Themes and Meanings
“Exchange Value” is the second story in Charles Johnson’s collection of short stories, The Sorcerer’s Apprentice (1986). One of the themes of “Exchange Value” concerns setting in motion forces that one cannot then control. Loftis is shown as an ambitious young man, who sews labels of expensive suit manufacturers into the suits he buys at discount clothing stores. When he finally obtains the material things he longs for, however, he is unable to deal with it.
Many of the stories in The Sorcerer’s Apprentice deal with magic. In “Exchange Value,” the transformational value of money as a universal value system that can put a number and a value on anything is presented as a powerful force, dangerously magical in quality, which spellbinds both Cooter and Loftis. Loftis reasons that the dollar value of the piano they push to their apartment is equal to that of two gold lamé suits, a trip to Tijuana, or twenty-five sexual encounters with a prostitute. Like wizards, Cooter says, they now have the power to transform these things into anything that they wish.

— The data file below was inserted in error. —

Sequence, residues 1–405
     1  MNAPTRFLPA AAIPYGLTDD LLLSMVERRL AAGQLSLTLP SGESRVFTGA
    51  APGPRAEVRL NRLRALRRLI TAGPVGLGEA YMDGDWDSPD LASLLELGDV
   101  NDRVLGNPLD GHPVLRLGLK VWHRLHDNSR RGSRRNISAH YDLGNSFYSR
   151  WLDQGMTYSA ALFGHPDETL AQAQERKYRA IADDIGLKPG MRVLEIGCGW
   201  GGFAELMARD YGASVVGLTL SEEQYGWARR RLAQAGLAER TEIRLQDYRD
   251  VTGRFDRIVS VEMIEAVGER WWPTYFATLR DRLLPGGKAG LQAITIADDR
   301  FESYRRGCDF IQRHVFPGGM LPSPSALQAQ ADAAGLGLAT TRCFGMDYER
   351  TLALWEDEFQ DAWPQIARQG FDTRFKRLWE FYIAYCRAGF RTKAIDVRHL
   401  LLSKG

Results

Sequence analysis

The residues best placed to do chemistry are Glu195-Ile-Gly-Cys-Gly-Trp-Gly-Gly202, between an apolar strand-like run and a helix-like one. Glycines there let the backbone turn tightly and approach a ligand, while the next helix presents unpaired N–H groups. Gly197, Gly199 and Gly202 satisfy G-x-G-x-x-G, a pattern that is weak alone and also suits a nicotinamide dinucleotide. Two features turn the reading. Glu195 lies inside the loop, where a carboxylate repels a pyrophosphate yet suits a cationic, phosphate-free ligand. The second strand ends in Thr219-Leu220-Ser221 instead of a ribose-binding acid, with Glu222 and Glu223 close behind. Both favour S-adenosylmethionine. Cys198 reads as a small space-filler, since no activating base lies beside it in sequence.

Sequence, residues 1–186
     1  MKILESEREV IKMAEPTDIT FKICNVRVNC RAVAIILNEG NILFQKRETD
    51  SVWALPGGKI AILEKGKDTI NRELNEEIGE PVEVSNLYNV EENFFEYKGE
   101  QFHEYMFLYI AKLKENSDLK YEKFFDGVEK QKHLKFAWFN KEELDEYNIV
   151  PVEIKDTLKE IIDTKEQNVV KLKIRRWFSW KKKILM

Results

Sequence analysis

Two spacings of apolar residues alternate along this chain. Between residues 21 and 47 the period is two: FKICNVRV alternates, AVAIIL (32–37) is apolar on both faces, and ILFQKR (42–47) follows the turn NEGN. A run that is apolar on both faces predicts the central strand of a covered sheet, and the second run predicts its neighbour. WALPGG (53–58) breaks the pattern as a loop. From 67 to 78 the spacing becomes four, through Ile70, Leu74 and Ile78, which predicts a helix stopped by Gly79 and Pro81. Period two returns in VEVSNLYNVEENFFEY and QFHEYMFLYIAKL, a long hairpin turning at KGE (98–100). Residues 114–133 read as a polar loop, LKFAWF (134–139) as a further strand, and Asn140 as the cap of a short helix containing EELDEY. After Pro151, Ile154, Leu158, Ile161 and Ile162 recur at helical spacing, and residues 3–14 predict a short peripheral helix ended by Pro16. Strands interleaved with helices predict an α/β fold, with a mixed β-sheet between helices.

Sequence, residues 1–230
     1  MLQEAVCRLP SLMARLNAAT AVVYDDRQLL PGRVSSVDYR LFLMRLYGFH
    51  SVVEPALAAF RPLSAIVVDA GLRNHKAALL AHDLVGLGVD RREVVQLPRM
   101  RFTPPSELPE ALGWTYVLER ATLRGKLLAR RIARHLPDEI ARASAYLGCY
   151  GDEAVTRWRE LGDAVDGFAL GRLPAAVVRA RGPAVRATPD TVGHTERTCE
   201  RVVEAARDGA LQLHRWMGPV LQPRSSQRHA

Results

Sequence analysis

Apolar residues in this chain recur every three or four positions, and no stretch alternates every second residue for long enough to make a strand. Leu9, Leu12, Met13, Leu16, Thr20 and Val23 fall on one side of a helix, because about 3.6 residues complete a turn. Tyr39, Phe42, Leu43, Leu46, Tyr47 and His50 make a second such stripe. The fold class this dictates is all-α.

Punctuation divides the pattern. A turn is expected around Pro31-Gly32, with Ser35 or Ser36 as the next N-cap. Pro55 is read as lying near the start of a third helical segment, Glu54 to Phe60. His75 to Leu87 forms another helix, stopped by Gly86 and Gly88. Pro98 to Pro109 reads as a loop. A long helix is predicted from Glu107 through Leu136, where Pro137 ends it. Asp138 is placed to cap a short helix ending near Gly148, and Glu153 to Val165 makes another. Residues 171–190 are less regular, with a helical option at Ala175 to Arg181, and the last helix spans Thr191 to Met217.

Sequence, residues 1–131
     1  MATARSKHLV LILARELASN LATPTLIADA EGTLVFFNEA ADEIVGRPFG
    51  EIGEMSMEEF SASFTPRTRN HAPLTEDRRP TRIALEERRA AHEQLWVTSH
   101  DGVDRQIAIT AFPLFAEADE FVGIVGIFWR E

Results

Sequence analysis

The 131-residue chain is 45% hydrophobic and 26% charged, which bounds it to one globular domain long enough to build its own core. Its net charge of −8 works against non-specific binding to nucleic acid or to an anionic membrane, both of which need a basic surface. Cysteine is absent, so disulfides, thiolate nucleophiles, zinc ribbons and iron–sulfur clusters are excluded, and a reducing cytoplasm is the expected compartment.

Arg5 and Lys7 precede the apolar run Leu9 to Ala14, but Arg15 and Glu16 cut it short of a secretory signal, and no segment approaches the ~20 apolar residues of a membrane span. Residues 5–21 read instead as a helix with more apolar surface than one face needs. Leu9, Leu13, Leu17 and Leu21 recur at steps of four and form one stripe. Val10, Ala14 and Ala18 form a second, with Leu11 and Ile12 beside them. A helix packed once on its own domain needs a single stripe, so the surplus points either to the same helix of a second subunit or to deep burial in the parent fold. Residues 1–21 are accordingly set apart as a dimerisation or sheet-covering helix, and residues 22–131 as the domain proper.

It turns out to be the power itself that entrances Loftis. Remembering a time when, as a child, he traded a piece of family jewelry for a few pieces of candy, he determines not to make such a deal again. Like Elnora, he becomes a miser: After they move Elnora’s things into their own apartment, he drags two trash bags of discarded clothing in, because he sees...
(The entire section is 597 words.)